A Mac lover's guide to the robot apocalypse.
What makes machine learning different? What implications does it have for how software is developed?
We dive into these questions in Episode 2 of “Demystifying Machine Learning”. See an example in action, from training on a Mac to deployment on a mobile phone.
Machine learning has a lot of hype these days. Some positive. Some negative. We don’t often see examples of where it fails. The mystery surrounding the technology can make it hard to understand.
This is the first video in the “Demystifying Machine Learning” series.
Training a machine learning model on a Mac hasn’t been easy. There are open source frameworks that run on a Mac CPU. But trying to accelerate training with a GPU meant using Nvidia hardware most likely on a Linux box.
With Create ML, Apple isn’t aiming for parity with these data science packages. Create ML takes the tangle of algorithmic detail that comes with machine learning and encapsulates it away. The result is an astonishingly simple training environment that is hardware-accelerated for the Mac.
Pete Warden discusses code, data and software process. When mixed with machine learning, it can be tricky to iterate on results.
“I’m no shrinking violet when it comes to version control. I’ve toughed my way through some terrible systems, and I can still monkey together a solution using rsync and chicken wire if I have to. Even with all that behind me, I can say with my hand on my heart, that machine learning is by far the worst environment I’ve ever found for collaborating and keeping track of changes.”
Chris Lattner joined Google back in August.
A list of over 150 machine learning terms, sorted alphabetically.
A small, randomly selected subset of the entire batch of examples run together in a single iteration of training or inference. The batch size of a mini-batch is usually between 10 and 1,000. It is much more efficient to calculate the loss on a mini-batch than on the full training data.
People, it seems, have an emotional reaction to things that look almost but not quite human. There are theories as to why but regardless of the reasons, it’s been a challenging barrier to using photo-realistic computer-generated humans. Something the entertainment industry has been chipping away at for a while.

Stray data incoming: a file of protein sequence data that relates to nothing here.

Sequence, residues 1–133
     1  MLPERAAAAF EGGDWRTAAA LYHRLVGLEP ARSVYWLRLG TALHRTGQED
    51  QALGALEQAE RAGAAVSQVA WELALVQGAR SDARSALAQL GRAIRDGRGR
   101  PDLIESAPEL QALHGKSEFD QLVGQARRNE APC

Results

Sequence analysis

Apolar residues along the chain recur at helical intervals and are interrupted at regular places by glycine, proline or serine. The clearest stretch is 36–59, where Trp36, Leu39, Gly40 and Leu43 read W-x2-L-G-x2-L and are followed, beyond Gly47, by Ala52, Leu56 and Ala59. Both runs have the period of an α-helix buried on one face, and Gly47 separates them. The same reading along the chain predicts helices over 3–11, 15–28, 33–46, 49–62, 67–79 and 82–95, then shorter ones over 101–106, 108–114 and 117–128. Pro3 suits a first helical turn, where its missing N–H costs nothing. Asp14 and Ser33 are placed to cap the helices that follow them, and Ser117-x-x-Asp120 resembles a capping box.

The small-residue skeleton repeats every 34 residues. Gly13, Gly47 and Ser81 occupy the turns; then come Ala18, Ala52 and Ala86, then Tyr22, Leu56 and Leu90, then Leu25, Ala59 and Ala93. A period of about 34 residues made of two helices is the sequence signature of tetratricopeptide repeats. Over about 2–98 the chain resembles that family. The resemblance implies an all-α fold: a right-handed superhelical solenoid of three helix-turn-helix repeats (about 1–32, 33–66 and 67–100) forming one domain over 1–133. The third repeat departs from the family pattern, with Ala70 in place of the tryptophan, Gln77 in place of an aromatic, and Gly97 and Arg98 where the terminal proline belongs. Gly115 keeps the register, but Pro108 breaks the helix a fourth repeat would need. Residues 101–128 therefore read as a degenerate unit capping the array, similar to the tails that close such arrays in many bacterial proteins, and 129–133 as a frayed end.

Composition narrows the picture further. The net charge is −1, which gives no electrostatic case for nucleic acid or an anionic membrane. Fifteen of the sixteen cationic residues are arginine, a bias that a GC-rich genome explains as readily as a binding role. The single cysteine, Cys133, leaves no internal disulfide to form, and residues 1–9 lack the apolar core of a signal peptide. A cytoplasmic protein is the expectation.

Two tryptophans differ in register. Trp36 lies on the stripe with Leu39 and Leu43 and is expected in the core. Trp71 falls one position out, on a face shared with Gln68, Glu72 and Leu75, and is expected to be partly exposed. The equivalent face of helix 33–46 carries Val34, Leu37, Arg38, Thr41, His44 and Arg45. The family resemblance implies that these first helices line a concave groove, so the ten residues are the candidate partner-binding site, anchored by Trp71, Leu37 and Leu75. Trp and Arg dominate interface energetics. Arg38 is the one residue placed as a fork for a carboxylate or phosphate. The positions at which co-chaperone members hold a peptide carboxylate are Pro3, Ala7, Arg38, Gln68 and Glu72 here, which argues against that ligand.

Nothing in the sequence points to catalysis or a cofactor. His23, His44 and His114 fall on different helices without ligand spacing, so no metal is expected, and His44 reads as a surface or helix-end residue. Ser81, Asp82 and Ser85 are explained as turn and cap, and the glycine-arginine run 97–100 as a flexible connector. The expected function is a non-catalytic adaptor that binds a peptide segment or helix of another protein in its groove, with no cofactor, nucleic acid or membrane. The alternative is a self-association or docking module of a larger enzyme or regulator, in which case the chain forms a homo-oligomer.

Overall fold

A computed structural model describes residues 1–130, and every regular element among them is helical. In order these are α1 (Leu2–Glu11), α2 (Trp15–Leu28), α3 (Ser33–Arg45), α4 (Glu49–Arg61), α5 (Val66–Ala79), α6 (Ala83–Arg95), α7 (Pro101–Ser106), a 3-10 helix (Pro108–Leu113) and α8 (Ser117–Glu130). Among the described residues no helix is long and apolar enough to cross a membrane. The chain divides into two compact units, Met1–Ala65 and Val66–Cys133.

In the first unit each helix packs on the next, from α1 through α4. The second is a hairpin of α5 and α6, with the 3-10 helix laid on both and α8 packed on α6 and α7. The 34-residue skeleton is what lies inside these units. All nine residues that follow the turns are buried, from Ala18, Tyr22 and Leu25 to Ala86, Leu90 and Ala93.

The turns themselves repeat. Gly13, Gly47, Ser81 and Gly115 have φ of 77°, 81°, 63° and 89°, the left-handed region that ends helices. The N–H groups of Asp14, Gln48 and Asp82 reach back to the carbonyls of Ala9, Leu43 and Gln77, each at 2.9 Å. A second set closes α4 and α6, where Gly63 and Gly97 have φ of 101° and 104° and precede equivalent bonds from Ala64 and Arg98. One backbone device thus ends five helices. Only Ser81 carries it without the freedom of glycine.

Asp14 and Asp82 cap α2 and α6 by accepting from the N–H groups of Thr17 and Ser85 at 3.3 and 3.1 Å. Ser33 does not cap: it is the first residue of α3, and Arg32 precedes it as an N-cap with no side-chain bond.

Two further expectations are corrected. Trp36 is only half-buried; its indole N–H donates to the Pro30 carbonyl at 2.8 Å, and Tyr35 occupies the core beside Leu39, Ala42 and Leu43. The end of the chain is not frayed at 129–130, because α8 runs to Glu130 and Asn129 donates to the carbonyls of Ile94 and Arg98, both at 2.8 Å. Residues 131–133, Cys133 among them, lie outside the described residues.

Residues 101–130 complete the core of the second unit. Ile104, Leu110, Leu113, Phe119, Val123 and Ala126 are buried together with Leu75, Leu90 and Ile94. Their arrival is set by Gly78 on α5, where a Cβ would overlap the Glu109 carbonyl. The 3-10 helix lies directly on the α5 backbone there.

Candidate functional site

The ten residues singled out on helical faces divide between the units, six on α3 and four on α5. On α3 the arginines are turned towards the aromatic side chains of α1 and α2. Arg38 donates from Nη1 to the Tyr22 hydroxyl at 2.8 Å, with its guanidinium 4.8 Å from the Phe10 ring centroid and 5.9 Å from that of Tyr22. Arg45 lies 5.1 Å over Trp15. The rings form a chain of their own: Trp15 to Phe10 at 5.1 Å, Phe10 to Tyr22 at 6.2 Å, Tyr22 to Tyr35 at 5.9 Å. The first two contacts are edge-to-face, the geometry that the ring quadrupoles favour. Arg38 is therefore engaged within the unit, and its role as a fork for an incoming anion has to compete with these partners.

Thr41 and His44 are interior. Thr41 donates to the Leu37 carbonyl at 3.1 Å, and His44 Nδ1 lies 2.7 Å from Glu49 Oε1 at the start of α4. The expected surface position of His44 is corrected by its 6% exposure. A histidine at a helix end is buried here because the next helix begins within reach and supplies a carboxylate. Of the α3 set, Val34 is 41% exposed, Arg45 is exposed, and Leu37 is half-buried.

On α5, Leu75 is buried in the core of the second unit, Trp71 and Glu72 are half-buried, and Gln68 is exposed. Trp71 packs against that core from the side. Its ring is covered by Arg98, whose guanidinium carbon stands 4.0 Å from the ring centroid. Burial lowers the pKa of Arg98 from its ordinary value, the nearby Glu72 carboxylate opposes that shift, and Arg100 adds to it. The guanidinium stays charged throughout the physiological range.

The makers of Mug Life have released an iOS app that can look at a 2D image of a face and then animate it in three dimensions. The results are eye-opening.
“This innovative technology featuring deep neural networks marries decades of video game expertise with the latest advances in computer vision.”
Technical advancements in this area are accelerating.
MLModel sits at the heart of Core ML. It's an abstraction that's focused on input and output features.
MLModelDescription indicates how these features are structured.
A list of free Core ML models with associated sample code and reference. Curated by Kedan Li.
“Download and use per license. Remember to acknowledge.”
The site currently has eight image filters and roughly twenty classifiers.
CUDA is an NVIDIA hardware toolkit. Many deep learning frameworks use it to accelerate training. Apple last offered an NVIDIA GPU in its MacBook Pro in 2014. A GeForce GT 750M, which provided a CUDA compute capability of 3.0.
At WWDC, Apple announced official support for external GPU enclosures in macOS High Sierra. This week NVIDIA followed suit.
“After skipping the assorted High Sierra betas, NVIDIA has rolled out drivers for its line of PCI-E graphics cards.”
This gives any Mac with Thunderbolt 3 connectivity the ability to power up CUDA 9.0 with a compute capability of 6.1.